A standard piece of advice for beginner programmers is that you learn most effectively when working on your personal projects. It’s good advice, but you can find yourself struggling to follow it—especially if you are very new to the IT craft. This article acts as a step-by-step guide that you can follow to start on your projects and learn along the way. My examples are with the frontend web development stack—HTML + CSS + JS,—but you can adapt this approach to any technology you’re using.
The first step: don’t try to bite off more than you can chew. It’s common for people to attempt to build things like clones of popular websites, but doing this results in more features than one can realistically develop.
If you insist on taking inspiration from existing products, try simplifying it to an extreme:
Another approach is to work on some cliche examples: a TODO application or blog page. Those can feel repetitive and boring, but at least the use case is well understood, and it shouldn’t overwhelm you.
When you’ve selected your use case, take a pen and paper and draw your interface. You should get started with one page or a max of two pages. In the beginning, a paper sketch is perfect; your goal is to iterate quickly, and a low-tech solution works great for it.
In collaborative projects, people use fancy applications for designs, but they introduce some headaches—you need to install some app, learn the interface, etc., which slows you down. Your sketch here clarifies your thoughts, and once it’s done, you will use it for nothing more than taking a look or two at it while building the interface.
Based on what you are displaying on the various screens, you will need to have some data in your application. Map each value you show or use to a field you’ll have in the data structure.
For our previous examples:
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With all that preparation complete, you are ready to open the code editor. The user interface is the most tangible and probably the most straightforward part of the project. You will create an HTML file and maybe add CSS if you feel like making your app somewhat pretty.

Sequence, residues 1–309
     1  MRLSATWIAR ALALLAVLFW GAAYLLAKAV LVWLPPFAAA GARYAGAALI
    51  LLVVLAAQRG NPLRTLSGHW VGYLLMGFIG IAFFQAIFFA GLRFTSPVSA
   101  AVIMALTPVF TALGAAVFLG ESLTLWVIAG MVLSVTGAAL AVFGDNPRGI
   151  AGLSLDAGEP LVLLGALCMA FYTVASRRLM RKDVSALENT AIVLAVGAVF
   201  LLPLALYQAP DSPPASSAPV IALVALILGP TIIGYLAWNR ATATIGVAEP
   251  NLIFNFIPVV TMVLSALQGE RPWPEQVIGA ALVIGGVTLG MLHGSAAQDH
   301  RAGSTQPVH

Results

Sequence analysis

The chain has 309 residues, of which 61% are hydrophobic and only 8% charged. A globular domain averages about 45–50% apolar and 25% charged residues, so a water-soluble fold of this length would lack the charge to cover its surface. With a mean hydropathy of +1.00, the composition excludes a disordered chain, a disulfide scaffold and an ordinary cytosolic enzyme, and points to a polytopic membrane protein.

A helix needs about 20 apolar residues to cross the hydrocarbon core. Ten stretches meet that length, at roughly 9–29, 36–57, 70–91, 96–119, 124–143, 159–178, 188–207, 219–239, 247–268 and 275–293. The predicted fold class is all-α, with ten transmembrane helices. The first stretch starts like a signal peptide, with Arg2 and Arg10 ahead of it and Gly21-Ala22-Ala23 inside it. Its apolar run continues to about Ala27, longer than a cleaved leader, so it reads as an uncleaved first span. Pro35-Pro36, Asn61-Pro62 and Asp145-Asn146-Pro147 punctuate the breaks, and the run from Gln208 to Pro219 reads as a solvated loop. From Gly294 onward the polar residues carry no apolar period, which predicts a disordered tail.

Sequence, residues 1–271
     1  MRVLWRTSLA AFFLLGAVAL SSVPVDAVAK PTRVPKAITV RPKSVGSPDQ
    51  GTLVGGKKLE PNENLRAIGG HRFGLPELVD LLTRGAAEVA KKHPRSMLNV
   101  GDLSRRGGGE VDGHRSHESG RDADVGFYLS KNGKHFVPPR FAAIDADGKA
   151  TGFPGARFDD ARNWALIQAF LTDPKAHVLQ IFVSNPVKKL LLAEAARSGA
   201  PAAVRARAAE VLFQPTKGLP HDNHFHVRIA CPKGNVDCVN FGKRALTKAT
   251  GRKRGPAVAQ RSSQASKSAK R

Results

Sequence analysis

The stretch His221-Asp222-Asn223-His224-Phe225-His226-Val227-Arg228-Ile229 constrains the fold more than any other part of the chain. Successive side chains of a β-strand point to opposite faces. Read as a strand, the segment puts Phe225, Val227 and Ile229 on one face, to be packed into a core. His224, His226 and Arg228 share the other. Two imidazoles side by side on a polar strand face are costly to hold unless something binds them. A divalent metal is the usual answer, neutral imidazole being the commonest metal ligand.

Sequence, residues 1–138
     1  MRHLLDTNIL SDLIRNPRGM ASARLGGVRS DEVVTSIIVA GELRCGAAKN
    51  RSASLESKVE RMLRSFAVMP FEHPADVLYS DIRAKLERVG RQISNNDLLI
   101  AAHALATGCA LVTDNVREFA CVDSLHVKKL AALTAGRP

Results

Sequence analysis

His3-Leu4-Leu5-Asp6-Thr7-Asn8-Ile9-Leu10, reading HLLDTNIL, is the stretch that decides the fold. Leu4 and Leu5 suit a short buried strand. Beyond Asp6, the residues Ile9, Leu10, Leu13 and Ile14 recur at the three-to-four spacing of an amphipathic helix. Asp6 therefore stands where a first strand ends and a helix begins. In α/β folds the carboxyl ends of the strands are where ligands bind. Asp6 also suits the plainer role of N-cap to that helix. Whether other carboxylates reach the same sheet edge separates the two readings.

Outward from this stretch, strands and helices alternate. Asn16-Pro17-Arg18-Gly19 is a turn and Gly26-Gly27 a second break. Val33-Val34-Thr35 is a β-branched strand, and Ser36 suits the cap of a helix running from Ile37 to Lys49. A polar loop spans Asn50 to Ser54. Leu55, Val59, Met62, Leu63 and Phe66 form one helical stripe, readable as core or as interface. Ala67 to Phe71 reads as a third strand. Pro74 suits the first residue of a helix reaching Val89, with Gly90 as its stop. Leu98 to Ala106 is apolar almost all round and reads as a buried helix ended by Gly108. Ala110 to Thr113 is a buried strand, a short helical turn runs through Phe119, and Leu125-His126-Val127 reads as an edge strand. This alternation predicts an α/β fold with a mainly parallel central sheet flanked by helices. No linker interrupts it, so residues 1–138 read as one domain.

Your goal is to create what was drawn up before and display it the easiest way possible. Especially if you are adding styling, keep in mind that “done” is better than perfect—don’t spend too much time on it unless CSS and design are your learning priorities.
When you are done with HTML with hard-coded data, your next step is to make a dynamic interface. At this stage, you will be adding JS to your project. You can limit yourself to vanilla JS and recreate the HTML with DOM, or you can add a JS framework you are either familiar with or want to learn. You’ll need to create a temporary data structure in a variable and recreate the HTML form JS based on the data in the variable.
Once you display dynamic data, you can add some logic to manipulate it. In our simplified example, the logic will be rather simplistic—adding one record to the list or updating one or two values in the existing data.
The main goal here is to make sure our app is alive—so the user can click the interface and changes are made to what’s on the screen. This is mostly proof that you can manipulate data. As you continue working on the example, the logic will become exponentially more complicated. In that case, each added feature has to work with all the existing ones. Enjoy the time when it’s so simple it feels unremarkable!
The next step is to set up some kind of persistence for the changes in your data.
You can consider the following things:
Let me know in this poll if you’re interested in learning more about any of those approaches. I’m thinking about creating articles with examples, and if I know that there is demand, I’ll be more motivated to work on them.
Once you follow all these steps, you should have a somewhat usable application. It will be far from a minimal viable product, but you should have something to show to people who are cheering you on in your studies. If you want to continue working on your project, the next step is to figure out what other use case you want to cover in your app and begin going through the steps again. This time it should be more accessible, and you should be able to skip some steps.
Feel free to share the results of your experiment! If you liked the approach proposed here, you can continue it with learning data modeling.